Ivo and Maja are low-income Croats living on the outskirts of Zagreb. Ivo is a bus driver, while Maja appears to be unemployed. They reveal themselves to be out of their depth when it comes to not only handling their son’s secretive behaviour but also searching for meaning following a tragedy like the one they are thrust into when their son passes out while drawing a bath. Sometimes, the setting is to blame (overcrowded hospital waiting rooms, especially, as well as medical personnel who blatantly – and in this case, fatally – disregard the urgency of their patients’ conditions), but at other times they simply do not have the experience to ask the right questions. Their lack of engagement is not directly to blame for their son’s untimely demise, but it makes the process of coping so much more difficult, because there are no satisfying answers when they don’t know which questions to ask or whom to ask for help.

It is entirely understandable that the events leave them in shock, and the father’s decision to tell people things are not particularly serious is a lie whose purity of purpose the viewer should recognise (and sympathise with) immediately. But his and his wife’s inaction in the face of trauma leave us pining for help to arrive. They visit the police station to report the attack on their son, but instead of explaining the severity of their situation, they relate the events calmly to the officer and leave without any real prospect of a serious investigation. The same happens at the hospital and at the morgue, where they receive life-changing news without any detailed explanation or advice from a professional. Their response is always either to be inactive or to talk around the problem by asking questions that are inconsequential.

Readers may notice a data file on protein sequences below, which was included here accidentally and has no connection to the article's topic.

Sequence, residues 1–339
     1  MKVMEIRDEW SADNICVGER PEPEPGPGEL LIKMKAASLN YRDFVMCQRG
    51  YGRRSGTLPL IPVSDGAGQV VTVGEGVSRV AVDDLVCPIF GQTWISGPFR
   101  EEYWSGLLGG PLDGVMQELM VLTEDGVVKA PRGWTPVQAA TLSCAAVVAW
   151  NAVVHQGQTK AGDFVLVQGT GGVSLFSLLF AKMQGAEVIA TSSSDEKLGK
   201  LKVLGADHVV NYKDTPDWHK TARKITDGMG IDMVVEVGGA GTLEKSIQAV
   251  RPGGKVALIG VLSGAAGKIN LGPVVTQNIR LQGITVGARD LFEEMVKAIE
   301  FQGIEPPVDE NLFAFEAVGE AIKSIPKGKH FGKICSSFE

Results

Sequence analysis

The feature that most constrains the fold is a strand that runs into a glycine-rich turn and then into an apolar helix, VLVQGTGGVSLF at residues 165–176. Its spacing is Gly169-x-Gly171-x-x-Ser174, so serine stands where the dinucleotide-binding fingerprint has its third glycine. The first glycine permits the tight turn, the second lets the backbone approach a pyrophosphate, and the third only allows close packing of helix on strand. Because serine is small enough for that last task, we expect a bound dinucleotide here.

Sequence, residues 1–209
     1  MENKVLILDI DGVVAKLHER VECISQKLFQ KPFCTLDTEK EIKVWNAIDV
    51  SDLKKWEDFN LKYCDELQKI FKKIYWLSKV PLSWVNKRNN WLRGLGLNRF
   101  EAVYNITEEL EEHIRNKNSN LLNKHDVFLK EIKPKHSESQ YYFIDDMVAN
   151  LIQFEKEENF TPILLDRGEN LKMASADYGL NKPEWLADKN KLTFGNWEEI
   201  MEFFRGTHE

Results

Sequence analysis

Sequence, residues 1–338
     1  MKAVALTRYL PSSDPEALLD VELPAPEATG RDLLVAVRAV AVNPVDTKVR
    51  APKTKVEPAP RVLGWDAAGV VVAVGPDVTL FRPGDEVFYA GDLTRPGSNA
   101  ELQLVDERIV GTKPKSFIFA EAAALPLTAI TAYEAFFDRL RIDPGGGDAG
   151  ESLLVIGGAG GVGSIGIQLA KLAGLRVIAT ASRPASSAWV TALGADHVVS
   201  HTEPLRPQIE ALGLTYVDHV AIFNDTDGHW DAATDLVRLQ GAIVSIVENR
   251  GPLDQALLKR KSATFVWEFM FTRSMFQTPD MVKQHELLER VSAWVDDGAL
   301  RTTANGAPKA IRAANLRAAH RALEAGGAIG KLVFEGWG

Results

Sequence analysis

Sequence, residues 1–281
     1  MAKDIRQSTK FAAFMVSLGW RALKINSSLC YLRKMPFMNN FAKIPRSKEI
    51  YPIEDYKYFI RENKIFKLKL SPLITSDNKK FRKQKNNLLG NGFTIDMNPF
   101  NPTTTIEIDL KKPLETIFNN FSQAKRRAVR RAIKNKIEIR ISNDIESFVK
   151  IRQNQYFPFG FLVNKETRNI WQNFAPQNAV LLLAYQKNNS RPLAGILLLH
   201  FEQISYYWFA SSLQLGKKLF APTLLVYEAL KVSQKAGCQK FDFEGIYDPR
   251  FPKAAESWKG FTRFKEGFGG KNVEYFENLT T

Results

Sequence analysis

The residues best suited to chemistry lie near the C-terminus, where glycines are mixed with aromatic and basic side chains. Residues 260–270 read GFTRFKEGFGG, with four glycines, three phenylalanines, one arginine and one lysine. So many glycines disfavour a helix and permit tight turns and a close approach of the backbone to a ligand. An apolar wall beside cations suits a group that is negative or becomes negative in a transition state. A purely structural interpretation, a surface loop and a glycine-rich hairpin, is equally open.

Despite the director’s well-chosen approach of frustrating the viewer with traumatic stasis, however, the climax is wholly unsatisfying because it plays out more like a dream than the grim reality full of obstacles we have come to expect. While the violence in the final act makes sense on paper, it is committed in a void: a public space that someone has no witnesses that could incriminate the aggressor. It is a fantasy, and its inclusion in the film goes against the pain and confusion at the core of the film.